France have to live with big expectations as hosts – but recent history shows les Bleus love playing at home. In the days when Michel Platini was the world’s most compellingly gifted midfielder rather than a blackballed bureaucrat, France swept to Euro 84 success on home soil, and then repeated the feat at the World Cup 14 years later.
Sure, they will need do better than at recent European Championships – they went out at the first hurdle in 2008 and meekly lost to eventual champions Spain in the 2012 quarters – but Didier Deschamps’ 23-man squad is arguably the best France have named since being crowned continental champions in 2000.
Will the fans get
behind the team?
Ever since the crazy Raymond Domenech era (remember him, folks?), French football followers have been at odds with their national team. It’s more than a mere lovers’ tiff – this has been all-out war, followed by arguments over the house and divorce proceedings.
To a degree, French players have brought this on themselves: after underwhelming performances and numerous off-field embarrassments, footballers now rank somewhere above perennially unpopular president Francois Hollande in the list of most unpopular dinner guests. In this context there have been legitimate concerns about whether a France team that will play its group games in Paris, Marseille and Lille will actually draw cheers rather than whistles.
Relations have started to thaw in recent months, though, which may or may not be related to the fact that the public has belatedly realised this team is actually pretty good. With the fickle French, it’s often about the results, stupid – so if les Bleus make a winning start against Romania on June 10, past misdemeanours will almost certainly be forgotten in record-quick time.
FRIENDLIES: NO FUN
As hosts, France have spent the past two years playing friendlies – and we’ve learned that this team needs the smell of competition in its nostrils to play near its best.
Last season, when Euro 2016 was a mere dot on the horizon, France’s stats (W5-D2-L3) showed the players weren’t that bothered; this season, with the competition coming into sight, the team has been far more focused, fluent and impressive. Their W7-D0-L1 record has included some impressive performances, and the sole defeat (to England) barely counted as it came four days after the Paris terrorist attacks.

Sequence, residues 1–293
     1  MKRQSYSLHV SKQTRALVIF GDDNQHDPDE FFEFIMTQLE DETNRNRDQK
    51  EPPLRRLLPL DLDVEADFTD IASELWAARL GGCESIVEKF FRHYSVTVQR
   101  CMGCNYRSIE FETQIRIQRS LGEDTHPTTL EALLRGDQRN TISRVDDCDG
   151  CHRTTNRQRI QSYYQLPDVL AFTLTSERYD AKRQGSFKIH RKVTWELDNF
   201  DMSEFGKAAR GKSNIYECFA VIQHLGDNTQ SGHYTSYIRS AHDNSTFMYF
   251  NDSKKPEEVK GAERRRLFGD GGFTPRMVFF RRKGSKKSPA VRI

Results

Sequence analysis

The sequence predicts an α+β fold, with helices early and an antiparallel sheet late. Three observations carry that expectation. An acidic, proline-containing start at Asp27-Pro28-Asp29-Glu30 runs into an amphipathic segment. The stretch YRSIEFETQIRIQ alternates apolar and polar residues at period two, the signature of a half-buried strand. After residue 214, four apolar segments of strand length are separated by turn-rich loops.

Nearly two years after their last competitive fixture, France will be itching for the real action to get under way.
France are fearsome on the front foot. The quality of their forward line is illustrated by the players they could afford to leave out: Karim Benzema, Mathieu Valbuena, Ligue 1 Player of the Year nominee Hatem Ben Arfa, Alexandre Lacazette, Kevin Gameiro and Nabil Fekir (yes, the Lyon dribbler missed most of the season through injury, but that didn’t stop England picking Jack Wilshere, did it?).
The players named in the 23-man squad are even better: Dimitri Payet is in the form of his life, Andre-Pierre Gignac on his way to living-legend status in Mexico and Kingsley Coman arguably Europe’s best teenager. Olivier Giroud is more useful than his critics admit, Antoine Griezmann a Ballon d’Or contender, and there’s Anthony Martial to bring off the bench. Right now you’d be mad to swap France’s forward line for anybody else’s.
France owed its 1998 World Cup triumph to one of the finest back fours in history (Lilian Thuram, Laurent Blanc, Marcel Desailly and Bixente Lizarazu), but if les Bleus lift the Henri Delaunay trophy this summer it’s unlikely to be down to the defence.
Raphael Varane has been ruled out with a thigh injury, while Mamadou Sakho’s drug-induced suspension robs the side of a warrior-like player whose attitude inspired those around him.
The fact Bacary Sagna (33) and Patrice Evra (35) are automatic starters says a lot about the dearth of talent at full-back – are the pair really good enough to curtail the world’s best attackers? Hugo Lloris will need to be at his shot-stopping, quick-off-the-line best for France to avoid having an ugly ‘goals against’ column. Stacked with talent at the other end of the pitch, they may find attack is the best form of defence.
Michel Platini was 29 when he led France to glory at Euro ’84 – so for that reason, Payet gets the nod over the other contenders (Griezmann, Paul Pogba) here.
After looking set to miss the cut, he forced France manager Didier Deschamps to recall him earlier this year because his form for West Ham United was so sparkling that he simply couldn’t be overlooked any longer. The Hammers idol then posted such stellar performances in France’s wins over Russia (4-2) and Holland (3-2) in March, and again against Cameroon with a last-minute winner (3-2), that he may have forced his way into the starting lineup.
Payet has been in and out of the side for years, but thanks to his brilliance in England this could be his moment. There are already signs of him developing a smart understanding with Griezmann and he has the mobility, touch and vision to thrive behind and alongside a static centre-forward such as Giroud or Gignac.
As drooling Upton Park regulars would testify, he has the potential to become the side’s free-kick master, too. The most cherubic Euro attacker since Tomas Brolin in 1992, Payet has all the attributes to be France’s star man.
Didier Deschamps is the perfect manager to guide les Bleus through the ups and downs of a home tournament. He was the winning captain when France lifted the World Cup in front of their own fans in 1998, was still wearing the armband when the team added the European Championship two years later and, as a manager, has won trophies at Marseille, Monaco and Juventus.
Owner of the most glittering CV in French football history, he is good-humoured, media-savvy, flexible on team selection and immune to pressure. Expect the France camp to be a happy place under a man widely considered to be his country’s lucky charm.